You've already heard that BMW is trotting out a handful of cars from its racing history. The cars will be fired up and tracked hard during the Monterey Motorsports Reunion event during this coming week's Monterey Car Week, which includes the prestigious Pebble Beach Concours d'Elegance. BMW has announced another piece of its motorsports history that it's taking out of the garage. This one is quite rare, and for some, it's even a bit controversial. The fabled 2001 BMW M3 GTR racer will be on display in Monterey at the Legends of the Autobahn Concours d'Elegance.
Running only during the 2001 season, the M3 GTR was an unstoppable force out on the track. This is the first M3 ever to be fitted with a V-8 engine, and it was done so under a new homologation rule that stated a racing car only needed a few street-legal production versions to qualify for racing. BMW jumped on this new rule and created the M3 GTR. A dry sump system, a flat-plane crankshaft V-engine, and far less weight than previous six-cylinder M3 examples meant that BMW had a monster on its hands. A 444-horsepower monster, to be exact.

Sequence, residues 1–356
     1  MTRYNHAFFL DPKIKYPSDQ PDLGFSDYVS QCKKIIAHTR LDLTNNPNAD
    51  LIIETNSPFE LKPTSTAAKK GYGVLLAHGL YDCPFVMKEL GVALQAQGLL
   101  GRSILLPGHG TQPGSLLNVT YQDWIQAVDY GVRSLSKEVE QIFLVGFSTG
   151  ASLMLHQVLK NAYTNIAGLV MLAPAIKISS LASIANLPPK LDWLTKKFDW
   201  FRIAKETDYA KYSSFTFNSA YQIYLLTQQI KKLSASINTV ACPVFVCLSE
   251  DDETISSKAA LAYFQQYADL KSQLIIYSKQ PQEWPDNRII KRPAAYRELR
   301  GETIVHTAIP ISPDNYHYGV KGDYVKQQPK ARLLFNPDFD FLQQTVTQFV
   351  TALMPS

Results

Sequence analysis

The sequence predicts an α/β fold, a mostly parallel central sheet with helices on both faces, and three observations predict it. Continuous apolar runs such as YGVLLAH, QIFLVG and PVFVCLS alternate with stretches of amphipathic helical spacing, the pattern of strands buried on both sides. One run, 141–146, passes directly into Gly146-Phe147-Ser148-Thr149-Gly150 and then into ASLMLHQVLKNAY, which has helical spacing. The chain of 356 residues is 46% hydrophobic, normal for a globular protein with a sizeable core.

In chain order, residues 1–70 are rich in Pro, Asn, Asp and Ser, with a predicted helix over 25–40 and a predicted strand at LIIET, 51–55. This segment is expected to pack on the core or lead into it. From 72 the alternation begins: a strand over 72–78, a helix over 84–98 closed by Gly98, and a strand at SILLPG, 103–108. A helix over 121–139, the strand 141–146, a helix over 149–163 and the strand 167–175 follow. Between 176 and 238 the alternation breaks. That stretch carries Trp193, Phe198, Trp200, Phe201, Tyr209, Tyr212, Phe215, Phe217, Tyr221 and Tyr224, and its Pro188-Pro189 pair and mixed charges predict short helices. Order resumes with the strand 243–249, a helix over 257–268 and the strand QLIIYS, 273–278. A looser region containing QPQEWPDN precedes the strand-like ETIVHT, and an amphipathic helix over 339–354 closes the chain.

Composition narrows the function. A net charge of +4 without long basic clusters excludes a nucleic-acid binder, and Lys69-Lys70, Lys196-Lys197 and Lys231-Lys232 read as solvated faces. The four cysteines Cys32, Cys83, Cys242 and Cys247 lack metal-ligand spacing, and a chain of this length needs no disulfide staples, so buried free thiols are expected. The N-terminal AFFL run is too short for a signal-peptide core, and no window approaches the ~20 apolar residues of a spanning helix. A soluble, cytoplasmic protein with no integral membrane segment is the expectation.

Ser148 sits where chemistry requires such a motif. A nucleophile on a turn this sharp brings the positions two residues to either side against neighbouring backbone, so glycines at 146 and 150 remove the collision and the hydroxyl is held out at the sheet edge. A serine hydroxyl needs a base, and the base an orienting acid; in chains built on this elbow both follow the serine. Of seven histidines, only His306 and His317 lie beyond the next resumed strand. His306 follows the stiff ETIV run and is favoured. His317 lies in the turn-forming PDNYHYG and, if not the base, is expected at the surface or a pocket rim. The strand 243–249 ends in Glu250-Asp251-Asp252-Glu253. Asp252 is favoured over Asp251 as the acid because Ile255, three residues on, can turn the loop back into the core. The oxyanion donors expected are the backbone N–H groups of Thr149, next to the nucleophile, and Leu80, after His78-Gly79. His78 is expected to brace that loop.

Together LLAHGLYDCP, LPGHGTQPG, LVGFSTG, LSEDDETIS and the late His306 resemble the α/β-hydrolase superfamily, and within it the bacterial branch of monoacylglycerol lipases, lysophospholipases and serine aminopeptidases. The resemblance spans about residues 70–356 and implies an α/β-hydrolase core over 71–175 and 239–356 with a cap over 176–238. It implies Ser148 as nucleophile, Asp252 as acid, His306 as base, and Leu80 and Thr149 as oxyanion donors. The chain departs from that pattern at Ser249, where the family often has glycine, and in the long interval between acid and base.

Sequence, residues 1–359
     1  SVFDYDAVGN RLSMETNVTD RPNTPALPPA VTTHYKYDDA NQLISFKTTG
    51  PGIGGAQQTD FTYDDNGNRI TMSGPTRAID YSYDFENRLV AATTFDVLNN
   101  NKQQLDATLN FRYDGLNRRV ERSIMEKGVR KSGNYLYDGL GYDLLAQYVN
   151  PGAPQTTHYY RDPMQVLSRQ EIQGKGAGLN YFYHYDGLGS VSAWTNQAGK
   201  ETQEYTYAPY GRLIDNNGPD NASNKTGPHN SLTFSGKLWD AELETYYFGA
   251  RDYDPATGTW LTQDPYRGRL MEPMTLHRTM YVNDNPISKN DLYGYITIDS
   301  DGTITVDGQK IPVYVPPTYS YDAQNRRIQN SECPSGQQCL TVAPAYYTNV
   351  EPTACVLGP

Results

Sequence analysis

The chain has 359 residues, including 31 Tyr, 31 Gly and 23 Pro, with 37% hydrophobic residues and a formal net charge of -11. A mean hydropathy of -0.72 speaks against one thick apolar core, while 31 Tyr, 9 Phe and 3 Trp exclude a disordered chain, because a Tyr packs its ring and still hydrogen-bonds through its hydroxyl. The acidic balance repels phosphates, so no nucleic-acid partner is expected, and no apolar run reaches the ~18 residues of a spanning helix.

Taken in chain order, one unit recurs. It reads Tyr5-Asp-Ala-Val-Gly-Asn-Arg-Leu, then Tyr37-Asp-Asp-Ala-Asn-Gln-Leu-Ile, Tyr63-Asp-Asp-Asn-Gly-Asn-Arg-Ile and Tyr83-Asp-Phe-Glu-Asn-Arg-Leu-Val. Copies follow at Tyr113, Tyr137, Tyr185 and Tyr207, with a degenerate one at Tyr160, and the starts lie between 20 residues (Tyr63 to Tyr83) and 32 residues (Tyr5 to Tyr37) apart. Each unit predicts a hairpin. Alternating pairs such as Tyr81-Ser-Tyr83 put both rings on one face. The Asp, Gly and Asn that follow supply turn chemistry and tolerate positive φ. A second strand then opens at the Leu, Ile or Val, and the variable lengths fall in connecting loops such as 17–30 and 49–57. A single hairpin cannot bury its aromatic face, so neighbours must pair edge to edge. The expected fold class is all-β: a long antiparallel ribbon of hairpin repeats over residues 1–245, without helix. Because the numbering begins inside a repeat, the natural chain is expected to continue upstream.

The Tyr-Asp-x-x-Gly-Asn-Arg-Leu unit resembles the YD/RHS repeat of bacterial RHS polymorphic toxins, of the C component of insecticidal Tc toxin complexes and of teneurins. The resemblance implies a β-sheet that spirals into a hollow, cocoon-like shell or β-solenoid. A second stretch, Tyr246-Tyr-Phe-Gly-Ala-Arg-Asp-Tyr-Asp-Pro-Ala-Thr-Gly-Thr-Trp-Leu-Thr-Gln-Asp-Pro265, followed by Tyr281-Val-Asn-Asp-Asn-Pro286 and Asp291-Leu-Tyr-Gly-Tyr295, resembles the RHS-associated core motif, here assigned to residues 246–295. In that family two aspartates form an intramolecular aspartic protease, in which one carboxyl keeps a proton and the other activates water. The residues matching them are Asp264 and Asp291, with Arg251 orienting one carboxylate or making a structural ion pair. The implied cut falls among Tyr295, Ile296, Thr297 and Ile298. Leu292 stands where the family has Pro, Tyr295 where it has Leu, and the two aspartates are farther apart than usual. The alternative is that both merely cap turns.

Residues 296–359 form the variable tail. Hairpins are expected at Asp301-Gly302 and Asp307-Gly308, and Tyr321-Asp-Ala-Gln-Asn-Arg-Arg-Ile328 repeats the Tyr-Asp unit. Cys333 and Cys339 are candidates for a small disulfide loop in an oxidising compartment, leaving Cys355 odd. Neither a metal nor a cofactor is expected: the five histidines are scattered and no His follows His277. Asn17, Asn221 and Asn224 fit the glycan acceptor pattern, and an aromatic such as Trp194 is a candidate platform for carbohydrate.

How'd the car fare over the course of its single season of the American Le Mans Series? There were two teams running a car apiece, and they basically traded wins over the course of six races. Those six wins saw five pole positions during qualifying, and six new lap records for the races. Still, there had to be a street version to meet the ALMS rules. BMW created six road cars to satisfy the rules. Three of those were development cars, and the other three were production cars... that are all still owned by BMW.
The car did so well in its one season, that there would never be a second season. The rules were changed so that the homologation figure expanded by a power of 100. It wasn't in the automaker's interest to create many more examples of what would essentially be a street-legal race car.
Our loss, really.